• the only thing teachers teach is how to be a teacher 💀
• yes i agree
• khan ingtrquartile range is very fun to do. Thanks
• you spelled it wrong
• why is it called "quartile" when there're only 2 parts? I'm not a native so it's a bit confusing to me
• there are 4 quartiles in total, namely Q1,Q2,Q3,Q4. Below Q1 lies 25% of the data, below Q2 lies 50% of the data(Q2 is also the median of the data), below Q3 lies 75% of the data and below Q4 lies 100% of the data. So, IQR = q3 - q1, 75% - 25%, i.e 50%
• For those in the comments who waste time asking when we will apply this knowledge in the real world, read this post.

Several professions and fields may require knowledge of finding the interquartile range (IQR), including:

Statistics and Data Analysis: Statisticians, data analysts, and data scientists often use the interquartile range as a measure of variability or spread in a dataset.
Finance and Economics: Professionals in finance and economics use IQR for analyzing financial data, such as stock prices, to understand the dispersion of returns or volatility.
Healthcare and Medicine: Researchers and epidemiologists might use IQR to analyze health-related data, such as patient outcomes or clinical trial results.
Education: Teachers and educators may teach students about descriptive statistics, including measures of central tendency and measures of dispersion like the interquartile range.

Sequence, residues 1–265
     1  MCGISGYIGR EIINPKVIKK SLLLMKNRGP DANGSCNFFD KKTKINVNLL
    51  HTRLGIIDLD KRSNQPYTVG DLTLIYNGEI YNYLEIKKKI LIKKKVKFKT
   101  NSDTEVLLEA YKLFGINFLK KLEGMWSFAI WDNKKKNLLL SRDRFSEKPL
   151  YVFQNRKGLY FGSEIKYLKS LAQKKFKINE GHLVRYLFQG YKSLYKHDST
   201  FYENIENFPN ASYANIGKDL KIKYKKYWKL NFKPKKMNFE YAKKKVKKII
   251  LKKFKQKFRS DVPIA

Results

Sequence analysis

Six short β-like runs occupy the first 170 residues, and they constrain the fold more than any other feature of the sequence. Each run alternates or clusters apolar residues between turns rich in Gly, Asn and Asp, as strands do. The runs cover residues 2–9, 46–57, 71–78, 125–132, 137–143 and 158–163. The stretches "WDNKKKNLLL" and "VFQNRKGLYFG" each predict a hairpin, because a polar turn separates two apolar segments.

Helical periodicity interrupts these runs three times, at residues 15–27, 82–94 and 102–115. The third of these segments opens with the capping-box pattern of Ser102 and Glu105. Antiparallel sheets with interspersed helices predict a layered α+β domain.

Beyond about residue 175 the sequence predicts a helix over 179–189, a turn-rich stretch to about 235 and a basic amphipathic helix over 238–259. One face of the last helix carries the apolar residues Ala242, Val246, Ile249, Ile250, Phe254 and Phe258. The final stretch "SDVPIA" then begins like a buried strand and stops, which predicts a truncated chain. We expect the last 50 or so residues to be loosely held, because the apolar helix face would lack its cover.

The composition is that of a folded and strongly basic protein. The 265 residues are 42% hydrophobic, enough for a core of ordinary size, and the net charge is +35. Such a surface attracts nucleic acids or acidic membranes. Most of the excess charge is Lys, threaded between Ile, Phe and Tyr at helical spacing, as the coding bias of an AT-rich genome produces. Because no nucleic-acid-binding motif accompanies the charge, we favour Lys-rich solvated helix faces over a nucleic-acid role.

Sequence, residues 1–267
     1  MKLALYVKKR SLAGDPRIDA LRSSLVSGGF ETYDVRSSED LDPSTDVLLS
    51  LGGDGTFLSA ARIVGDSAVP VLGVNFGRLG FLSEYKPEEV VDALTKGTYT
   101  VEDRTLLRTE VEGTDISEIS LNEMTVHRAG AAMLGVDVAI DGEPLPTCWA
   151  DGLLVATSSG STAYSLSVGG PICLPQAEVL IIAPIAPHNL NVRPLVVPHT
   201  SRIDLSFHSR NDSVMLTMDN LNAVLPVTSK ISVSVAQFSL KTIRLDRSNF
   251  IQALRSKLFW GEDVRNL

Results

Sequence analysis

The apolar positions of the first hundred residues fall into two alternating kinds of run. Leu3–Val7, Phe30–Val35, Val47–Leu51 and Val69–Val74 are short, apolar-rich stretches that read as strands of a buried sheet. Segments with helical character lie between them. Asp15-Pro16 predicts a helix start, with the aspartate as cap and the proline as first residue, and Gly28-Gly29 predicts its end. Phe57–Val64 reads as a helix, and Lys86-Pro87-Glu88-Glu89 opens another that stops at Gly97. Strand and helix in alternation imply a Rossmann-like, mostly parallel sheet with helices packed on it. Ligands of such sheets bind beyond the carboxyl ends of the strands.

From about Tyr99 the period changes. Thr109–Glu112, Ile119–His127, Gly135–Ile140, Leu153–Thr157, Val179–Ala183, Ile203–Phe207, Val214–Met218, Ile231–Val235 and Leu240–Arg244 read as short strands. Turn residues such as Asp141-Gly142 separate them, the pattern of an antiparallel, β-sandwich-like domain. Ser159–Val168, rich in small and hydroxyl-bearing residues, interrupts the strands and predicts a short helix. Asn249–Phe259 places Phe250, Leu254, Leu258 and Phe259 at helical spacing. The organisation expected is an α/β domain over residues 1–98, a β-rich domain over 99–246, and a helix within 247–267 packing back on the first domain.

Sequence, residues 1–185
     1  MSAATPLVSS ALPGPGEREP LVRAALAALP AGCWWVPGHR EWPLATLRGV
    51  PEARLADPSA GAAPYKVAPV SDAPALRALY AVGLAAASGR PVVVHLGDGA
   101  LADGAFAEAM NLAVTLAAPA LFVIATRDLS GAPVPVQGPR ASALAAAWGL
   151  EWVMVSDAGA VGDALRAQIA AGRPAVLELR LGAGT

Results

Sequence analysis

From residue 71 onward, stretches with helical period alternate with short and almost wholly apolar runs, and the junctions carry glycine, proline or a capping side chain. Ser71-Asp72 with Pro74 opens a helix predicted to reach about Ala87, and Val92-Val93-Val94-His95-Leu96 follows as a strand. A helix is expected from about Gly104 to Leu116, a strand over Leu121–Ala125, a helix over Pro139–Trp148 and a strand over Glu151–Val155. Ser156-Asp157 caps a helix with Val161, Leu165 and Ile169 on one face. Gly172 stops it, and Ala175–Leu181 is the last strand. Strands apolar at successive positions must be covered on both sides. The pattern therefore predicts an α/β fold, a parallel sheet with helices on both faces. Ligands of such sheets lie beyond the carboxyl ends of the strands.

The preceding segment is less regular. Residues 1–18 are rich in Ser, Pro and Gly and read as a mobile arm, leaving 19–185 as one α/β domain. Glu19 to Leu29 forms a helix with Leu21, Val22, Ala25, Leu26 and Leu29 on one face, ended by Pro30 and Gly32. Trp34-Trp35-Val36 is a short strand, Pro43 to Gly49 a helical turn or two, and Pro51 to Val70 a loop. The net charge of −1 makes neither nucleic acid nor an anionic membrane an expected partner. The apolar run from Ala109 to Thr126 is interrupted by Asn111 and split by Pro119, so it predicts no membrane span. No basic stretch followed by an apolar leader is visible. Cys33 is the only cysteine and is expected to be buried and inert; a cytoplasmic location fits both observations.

Quality Control and Six Sigma: Professionals involved in quality control and process improvement may use IQR to identify variability in manufacturing processes and to monitor process stability.
Environmental Science: Environmental scientists might use IQR to analyze data related to pollution levels, biodiversity, or climate variables.
Market Research: Market analysts and researchers may use IQR to analyze consumer data and understand variations in preferences or behaviors.
Social Sciences: Researchers in fields like psychology, sociology, and political science may use IQR to analyze survey data or other forms of social research.
Engineering: Engineers might use IQR to analyze data related to structural integrity, material properties, or performance of systems.
Business Analytics: Professionals in various business sectors use IQR to analyze operational data, customer feedback, and market trends.
These are just a few examples, but the application of interquartile range extends to various fields where understanding data variability is crucial for making informed decisions.